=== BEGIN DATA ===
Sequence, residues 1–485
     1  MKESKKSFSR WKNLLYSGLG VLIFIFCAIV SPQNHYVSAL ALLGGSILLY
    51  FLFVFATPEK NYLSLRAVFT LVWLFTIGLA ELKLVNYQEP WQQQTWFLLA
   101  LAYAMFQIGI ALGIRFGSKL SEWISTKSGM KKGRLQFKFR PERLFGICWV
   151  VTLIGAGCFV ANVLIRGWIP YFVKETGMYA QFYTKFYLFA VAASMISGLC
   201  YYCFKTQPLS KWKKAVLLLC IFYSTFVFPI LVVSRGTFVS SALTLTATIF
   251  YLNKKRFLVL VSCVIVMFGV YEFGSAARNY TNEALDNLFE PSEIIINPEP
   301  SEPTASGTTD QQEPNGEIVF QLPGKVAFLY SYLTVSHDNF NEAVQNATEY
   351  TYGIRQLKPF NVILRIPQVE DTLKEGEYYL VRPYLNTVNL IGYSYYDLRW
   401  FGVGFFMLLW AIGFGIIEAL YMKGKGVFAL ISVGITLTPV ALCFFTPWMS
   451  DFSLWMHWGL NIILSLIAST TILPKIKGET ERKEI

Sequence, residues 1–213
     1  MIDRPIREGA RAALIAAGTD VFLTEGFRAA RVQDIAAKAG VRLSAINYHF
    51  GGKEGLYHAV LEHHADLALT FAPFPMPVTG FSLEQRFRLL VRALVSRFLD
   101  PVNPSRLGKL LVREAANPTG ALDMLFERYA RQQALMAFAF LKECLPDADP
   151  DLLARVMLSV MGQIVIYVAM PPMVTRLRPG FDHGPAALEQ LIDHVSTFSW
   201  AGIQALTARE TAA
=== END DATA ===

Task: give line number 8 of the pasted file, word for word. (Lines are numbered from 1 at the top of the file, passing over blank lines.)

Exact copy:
   301  SEPTASGTTD QQEPNGEIVF QLPGKVAFLY SYLTVSHDNF NEAVQNATEY